That’s not exactly what I wanted to say, though.
There was a famous writer who, when asked if he loved writing, replied, “No. but I lovehaving written.” What I wanted to say to this sweet woman was, “Are you sure? Are you sure you don’t mean you love having parented?”
I love having written. And I love having parented. My favorite part of each day is when the kids are put to sleep (to bed) and Craig and I sink into the couch to watch some quality TV, like Celebrity Wife Swap, and congratulate each other on a job well done. Or a job done, at least.
Every time I write a post like this, I get emails suggesting that I’m being negative. I have received this particular message four or five times – G, if you can’t handle the three you have, why do you want a fourth?
That one always stings, and I don’t think it’s quite fair. Parenting is hard. Just like lots of important jobs are hard. Why is it that the second a mother admits that it’s hard, people feel the need to suggest that maybe she’s not doing it right? Or that she certainly shouldn’t add more to her load. Maybe the fact that it’s so hard means she IS doing it right…in her own way…and she happens to be honest.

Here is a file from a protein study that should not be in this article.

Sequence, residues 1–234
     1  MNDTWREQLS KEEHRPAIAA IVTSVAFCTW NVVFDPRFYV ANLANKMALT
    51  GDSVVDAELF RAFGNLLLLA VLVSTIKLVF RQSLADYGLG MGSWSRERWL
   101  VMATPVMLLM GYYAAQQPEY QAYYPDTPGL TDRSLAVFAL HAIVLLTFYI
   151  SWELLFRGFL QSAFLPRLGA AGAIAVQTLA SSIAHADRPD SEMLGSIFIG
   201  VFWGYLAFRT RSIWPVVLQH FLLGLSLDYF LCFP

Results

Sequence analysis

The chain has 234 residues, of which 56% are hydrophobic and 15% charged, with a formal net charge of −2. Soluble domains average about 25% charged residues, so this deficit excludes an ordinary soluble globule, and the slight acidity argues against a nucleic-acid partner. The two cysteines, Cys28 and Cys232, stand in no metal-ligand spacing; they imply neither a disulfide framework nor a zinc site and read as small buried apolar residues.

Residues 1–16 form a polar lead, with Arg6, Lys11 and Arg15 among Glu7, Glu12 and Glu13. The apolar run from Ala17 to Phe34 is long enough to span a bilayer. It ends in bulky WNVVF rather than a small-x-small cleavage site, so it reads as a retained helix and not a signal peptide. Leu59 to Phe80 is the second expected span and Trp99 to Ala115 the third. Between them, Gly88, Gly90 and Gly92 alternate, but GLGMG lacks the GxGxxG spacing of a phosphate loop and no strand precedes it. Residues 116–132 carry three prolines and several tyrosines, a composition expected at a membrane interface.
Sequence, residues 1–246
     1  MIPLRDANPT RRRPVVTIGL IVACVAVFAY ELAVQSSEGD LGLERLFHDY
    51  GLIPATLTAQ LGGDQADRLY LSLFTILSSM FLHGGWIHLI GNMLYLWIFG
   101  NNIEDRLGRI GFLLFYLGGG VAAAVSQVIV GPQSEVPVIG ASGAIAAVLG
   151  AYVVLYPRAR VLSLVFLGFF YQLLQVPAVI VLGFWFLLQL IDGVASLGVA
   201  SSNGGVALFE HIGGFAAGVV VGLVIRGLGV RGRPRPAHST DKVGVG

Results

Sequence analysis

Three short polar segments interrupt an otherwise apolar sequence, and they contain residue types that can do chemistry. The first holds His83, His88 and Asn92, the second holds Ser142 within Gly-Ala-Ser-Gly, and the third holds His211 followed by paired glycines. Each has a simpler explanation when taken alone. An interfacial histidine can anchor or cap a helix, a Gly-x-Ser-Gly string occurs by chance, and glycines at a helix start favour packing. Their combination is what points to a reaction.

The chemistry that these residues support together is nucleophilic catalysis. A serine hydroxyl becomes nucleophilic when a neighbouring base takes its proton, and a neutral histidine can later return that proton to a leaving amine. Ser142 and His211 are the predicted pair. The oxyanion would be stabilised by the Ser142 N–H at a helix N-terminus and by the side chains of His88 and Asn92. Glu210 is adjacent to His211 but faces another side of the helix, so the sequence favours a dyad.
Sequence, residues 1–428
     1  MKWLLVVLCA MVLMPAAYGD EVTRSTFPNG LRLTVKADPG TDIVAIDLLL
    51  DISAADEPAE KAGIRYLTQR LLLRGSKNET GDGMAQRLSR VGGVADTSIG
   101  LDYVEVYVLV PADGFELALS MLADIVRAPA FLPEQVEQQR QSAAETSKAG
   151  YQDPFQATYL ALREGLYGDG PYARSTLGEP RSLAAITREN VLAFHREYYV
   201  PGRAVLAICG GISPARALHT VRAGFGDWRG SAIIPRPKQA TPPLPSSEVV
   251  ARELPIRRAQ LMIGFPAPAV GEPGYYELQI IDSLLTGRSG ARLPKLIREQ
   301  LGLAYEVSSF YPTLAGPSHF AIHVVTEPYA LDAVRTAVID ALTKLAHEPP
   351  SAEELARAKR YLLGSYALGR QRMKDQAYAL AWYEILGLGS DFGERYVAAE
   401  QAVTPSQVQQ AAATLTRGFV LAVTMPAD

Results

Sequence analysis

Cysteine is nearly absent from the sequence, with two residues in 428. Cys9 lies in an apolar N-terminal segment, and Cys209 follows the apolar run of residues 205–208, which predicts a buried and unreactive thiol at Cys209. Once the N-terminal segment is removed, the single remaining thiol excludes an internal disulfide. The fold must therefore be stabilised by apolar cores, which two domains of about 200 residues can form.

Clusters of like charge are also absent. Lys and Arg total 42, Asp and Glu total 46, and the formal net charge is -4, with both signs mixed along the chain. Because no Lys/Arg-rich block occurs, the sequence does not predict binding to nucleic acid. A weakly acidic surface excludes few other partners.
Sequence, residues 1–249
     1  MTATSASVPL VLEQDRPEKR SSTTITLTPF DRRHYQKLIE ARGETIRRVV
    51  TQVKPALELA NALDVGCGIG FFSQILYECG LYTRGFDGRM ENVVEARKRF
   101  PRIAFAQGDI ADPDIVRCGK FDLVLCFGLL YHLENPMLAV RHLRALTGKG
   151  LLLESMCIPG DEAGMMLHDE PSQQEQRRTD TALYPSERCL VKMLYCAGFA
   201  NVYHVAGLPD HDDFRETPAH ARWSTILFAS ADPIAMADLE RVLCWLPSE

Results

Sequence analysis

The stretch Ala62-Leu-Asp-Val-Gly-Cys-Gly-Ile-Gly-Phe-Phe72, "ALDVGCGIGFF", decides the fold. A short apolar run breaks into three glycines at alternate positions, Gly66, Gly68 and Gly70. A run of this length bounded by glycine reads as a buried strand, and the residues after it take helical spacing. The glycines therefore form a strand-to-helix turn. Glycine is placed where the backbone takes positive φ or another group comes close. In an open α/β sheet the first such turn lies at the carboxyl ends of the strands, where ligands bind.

Craig is a software salesman. It’s a hard job in this economy. And he comes home each day and talks a little bit about how hard it is. And I don’t ever feel the need to suggest that he’s not doing it right, or that he’s negative for noticing that it’s hard, or that maybe he shouldn’t even consider taking on more responsibility. And I doubt anybody comes by his office to make sure he’s ENJOYING HIMSELF. I doubt his boss peeks in his office and says: “This career stuff…it goes by so fast…ARE YOU ENJOYING EVERY MOMENT IN THERE, CRAIG???? CARPE DIEM, CRAIG!”
My point is this. I used to worry that not only was I failing to do a good enough job at parenting, but that I wasn’t enjoying it enough. Double failure. I felt guilty because I wasn’tin parental ecstasy every hour of every day and I wasn’t MAKING THE MOST OF EVERY MOMENT like the mamas in the parenting magazines seemed to be doing. I felt guilty because honestly, I was tired and cranky and ready for the day to be over quite often. And because I knew that one day, I’d wake up and the kids would be gone, and I’d be the old lady in the grocery store with my hand over my heart. Would I be able to say I enjoyed every moment? No.
But the fact remains that I will be that nostalgic lady. I just hope to be one with a clear memory. And here’s what I hope to say to the younger mama gritting her teeth in line: